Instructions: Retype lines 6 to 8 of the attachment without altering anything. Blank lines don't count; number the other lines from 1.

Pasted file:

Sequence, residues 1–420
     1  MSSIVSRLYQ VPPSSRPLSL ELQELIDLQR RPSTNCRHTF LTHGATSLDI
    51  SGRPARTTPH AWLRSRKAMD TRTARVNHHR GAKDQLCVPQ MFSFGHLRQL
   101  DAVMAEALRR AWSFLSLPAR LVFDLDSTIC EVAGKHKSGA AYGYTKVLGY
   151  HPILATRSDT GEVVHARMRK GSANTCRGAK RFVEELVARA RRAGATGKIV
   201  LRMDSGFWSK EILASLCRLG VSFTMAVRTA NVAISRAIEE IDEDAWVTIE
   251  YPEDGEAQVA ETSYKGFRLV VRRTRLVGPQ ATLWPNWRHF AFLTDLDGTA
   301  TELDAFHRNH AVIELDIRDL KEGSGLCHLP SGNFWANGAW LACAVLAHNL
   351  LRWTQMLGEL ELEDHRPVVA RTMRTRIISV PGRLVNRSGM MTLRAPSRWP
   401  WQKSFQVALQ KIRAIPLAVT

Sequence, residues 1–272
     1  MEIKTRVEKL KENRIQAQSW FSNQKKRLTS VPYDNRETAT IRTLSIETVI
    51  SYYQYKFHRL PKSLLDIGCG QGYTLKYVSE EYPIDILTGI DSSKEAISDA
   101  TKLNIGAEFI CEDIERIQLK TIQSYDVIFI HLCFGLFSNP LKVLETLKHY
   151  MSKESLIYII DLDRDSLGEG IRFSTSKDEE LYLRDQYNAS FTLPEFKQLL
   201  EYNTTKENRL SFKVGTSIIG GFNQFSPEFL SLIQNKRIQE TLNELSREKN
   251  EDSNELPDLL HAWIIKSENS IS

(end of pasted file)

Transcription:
   201  LRMDSGFWSK EILASLCRLG VSFTMAVRTA NVAISRAIEE IDEDAWVTIE
   251  YPEDGEAQVA ETSYKGFRLV VRRTRLVGPQ ATLWPNWRHF AFLTDLDGTA
   301  TELDAFHRNH AVIELDIRDL KEGSGLCHLP SGNFWANGAW LACAVLAHNL